J. Pittichova

California Institute of Technology, Pasadena, California, United States

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Publications (150)98.87 Total impact

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    ABSTRACT: Using our photometric observations taken between April 1996 and January 2013 and other published data, we derive properties of the binary near-Earth asteroid (175706) 1996 FG3 including new measurements constraining evolution of the mutual orbit with potential consequences for the entire binary asteroid population. We also refined previously determined values of parameters of both components, making 1996 FG3 one of the most well understood binary asteroid systems. We determined the orbital vector with a substantially greater accuracy than before and we also placed constraints on a stability of the orbit. Specifically, the ecliptic longitude and latitude of the orbital pole are 266{\deg} and -83{\deg}, respectively, with the mean radius of the uncertainty area of 4{\deg}, and the orbital period is 16.1508 +\- 0.0002 h (all uncertainties correspond to 3sigma). We looked for a quadratic drift of the mean anomaly of the satellite and obtained a value of 0.04 +\- 0.20 deg/yr^2, i.e., consistent with zero. The drift is substantially lower than predicted by the pure binary YORP (BYORP) theory of McMahon and Scheeres (McMahon, J., Scheeres, D. [2010]. Icarus 209, 494-509) and it is consistent with the theory of an equilibrium between BYORP and tidal torques for synchronous binary asteroids as proposed by Jacobson and Scheeres (Jacobson, S.A., Scheeres, D. [2011]. ApJ Letters, 736, L19). Based on the assumption of equilibrium, we derived a ratio of the quality factor and tidal Love number of Q/k = 2.4 x 10^5 uncertain by a factor of five. We also derived a product of the rigidity and quality factor of mu Q = 1.3 x 10^7 Pa using the theory that assumes an elastic response of the asteroid material to the tidal forces. This very low value indicates that the primary of 1996 FG3 is a 'rubble pile', and it also calls for a re-thinking of the tidal energy dissipation in close asteroid binary systems.
    06/2014;
  • 01/2014;
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    ABSTRACT: Near-Earth asteroid (25143) Itokawa was visited by the Hayabusa spacecraft in 2005, resulting in a highly detailed shape and surface topography model. This model has led to several predictions for the expected radiative torques on this asteroid, suggesting that its spin rate should be decelerating.To detect changes in rotation rate that may be due to YORP-induced radiative torques, which in turn may be used to investigate the interior structure of the asteroid.Through an observational survey spanning 2001 to 2013 we obtained rotational lightcurve data at various times over the last five close Earth-approaches of the asteroid. We applied a polyhedron-shape-modelling technique to assess the spin-state of the asteroid and its long term evolution. We also applied a detailed thermophysical analysis to the shape model determined from the Hayabusa spacecraft.We have successfully measured an acceleration in Itokawa's spin rate of dw/dt=(3.54+/-0.38)*10-8rad/day2, equivalent to a decrease of its rotation period of ~45ms/yr. From the thermophysical analysis we find that the center-of-mass for Itokawa must be shifted by ~21m along the long-axis of the asteroid to reconcile the observed YORP strength with theory.This can be explained if Itokawa is composed of two separate bodies with very different bulk densities of 1750+/-110kg/m3 and 2850+/-500kg/m3, and was formed from the merger of two separate bodies, either in the aftermath of a catastrophic disruption of a larger differentiated body, or from the collapse of a binary system. We therefore demonstrate that an observational measurement of radiative torques, when combined with a detailed shape model, can provide insight into the interior structure of an asteroid. Futhermore, this is the first measurement of density inhomogeneity within an asteroidal body, that reveals significant internal structure variation. A specialised spacecraft is normally required for this.(2 data files).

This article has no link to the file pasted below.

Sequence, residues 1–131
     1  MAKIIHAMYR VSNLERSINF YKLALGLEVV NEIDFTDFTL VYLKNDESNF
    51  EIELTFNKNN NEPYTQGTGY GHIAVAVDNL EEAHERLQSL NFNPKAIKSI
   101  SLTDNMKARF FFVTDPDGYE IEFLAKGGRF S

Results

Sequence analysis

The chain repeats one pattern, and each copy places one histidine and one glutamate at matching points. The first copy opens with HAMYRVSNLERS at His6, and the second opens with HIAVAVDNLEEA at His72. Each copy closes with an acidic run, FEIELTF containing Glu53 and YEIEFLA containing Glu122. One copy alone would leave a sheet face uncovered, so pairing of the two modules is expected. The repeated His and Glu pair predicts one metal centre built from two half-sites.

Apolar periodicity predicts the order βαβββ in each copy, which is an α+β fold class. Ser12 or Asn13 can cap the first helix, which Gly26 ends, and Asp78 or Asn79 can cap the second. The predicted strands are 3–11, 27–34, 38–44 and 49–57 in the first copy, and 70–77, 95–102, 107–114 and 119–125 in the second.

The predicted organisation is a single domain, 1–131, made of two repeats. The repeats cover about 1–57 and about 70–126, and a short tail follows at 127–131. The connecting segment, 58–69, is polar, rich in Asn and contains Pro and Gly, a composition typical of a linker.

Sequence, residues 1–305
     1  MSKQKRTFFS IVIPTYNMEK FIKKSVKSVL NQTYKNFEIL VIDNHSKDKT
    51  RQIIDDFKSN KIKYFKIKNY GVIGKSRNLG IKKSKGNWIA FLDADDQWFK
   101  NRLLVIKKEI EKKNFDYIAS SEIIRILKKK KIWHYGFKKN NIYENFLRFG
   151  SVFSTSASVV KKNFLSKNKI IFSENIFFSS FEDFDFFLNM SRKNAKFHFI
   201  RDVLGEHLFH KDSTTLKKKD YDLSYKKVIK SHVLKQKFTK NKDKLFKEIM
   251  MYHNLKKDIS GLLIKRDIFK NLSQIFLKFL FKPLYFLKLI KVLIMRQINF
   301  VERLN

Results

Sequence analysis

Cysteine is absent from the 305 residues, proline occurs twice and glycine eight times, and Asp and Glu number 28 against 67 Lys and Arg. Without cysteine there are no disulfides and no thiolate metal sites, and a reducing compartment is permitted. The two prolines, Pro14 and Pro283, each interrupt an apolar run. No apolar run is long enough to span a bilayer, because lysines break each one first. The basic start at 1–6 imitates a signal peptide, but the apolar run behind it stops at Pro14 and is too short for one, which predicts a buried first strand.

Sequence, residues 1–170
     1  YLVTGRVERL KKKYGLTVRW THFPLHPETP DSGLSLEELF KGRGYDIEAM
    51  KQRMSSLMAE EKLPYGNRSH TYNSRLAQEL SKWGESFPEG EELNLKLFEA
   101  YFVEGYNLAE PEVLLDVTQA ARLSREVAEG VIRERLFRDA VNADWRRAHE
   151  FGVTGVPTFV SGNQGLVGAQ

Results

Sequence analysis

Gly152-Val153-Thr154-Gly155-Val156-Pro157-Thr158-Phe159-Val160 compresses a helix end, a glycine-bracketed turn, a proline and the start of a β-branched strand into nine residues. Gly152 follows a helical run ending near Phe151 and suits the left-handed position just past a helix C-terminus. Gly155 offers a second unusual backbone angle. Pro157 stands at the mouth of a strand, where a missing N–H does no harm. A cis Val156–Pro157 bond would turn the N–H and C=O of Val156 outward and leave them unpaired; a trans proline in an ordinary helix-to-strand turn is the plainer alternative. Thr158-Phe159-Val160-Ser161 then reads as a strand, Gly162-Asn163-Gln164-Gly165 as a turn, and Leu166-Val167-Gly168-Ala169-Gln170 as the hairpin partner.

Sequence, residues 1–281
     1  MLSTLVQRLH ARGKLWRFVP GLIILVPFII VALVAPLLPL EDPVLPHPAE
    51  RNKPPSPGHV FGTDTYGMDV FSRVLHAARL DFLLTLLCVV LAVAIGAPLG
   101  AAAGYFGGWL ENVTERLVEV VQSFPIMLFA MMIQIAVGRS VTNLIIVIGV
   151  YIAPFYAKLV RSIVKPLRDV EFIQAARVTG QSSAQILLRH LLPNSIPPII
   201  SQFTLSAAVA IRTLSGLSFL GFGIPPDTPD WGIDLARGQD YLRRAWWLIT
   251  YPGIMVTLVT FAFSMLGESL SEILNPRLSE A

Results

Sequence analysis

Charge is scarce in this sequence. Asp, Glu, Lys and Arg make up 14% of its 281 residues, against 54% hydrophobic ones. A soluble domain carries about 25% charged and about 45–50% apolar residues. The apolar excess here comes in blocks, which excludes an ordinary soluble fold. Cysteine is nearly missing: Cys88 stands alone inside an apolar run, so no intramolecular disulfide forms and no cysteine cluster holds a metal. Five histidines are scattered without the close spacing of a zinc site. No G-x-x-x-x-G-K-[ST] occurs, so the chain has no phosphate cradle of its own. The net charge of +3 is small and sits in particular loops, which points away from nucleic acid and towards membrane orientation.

12/2013;